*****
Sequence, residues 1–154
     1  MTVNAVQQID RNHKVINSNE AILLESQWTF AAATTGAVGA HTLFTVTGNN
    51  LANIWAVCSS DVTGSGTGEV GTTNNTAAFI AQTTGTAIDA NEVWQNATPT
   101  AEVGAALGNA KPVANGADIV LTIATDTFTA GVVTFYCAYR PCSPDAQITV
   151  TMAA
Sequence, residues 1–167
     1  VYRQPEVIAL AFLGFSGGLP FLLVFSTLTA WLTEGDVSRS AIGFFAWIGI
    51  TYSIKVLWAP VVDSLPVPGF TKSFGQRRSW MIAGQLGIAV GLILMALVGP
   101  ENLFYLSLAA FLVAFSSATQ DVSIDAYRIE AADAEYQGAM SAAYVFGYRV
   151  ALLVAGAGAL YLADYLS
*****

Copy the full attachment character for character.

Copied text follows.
Sequence, residues 1–154
     1  MTVNAVQQID RNHKVINSNE AILLESQWTF AAATTGAVGA HTLFTVTGNN
    51  LANIWAVCSS DVTGSGTGEV GTTNNTAAFI AQTTGTAIDA NEVWQNATPT
   101  AEVGAALGNA KPVANGADIV LTIATDTFTA GVVTFYCAYR PCSPDAQITV
   151  TMAA
Sequence, residues 1–167
     1  VYRQPEVIAL AFLGFSGGLP FLLVFSTLTA WLTEGDVSRS AIGFFAWIGI
    51  TYSIKVLWAP VVDSLPVPGF TKSFGQRRSW MIAGQLGIAV GLILMALVGP
   101  ENLFYLSLAA FLVAFSSATQ DVSIDAYRIE AADAEYQGAM SAAYVFGYRV
   151  ALLVAGAGAL YLADYLS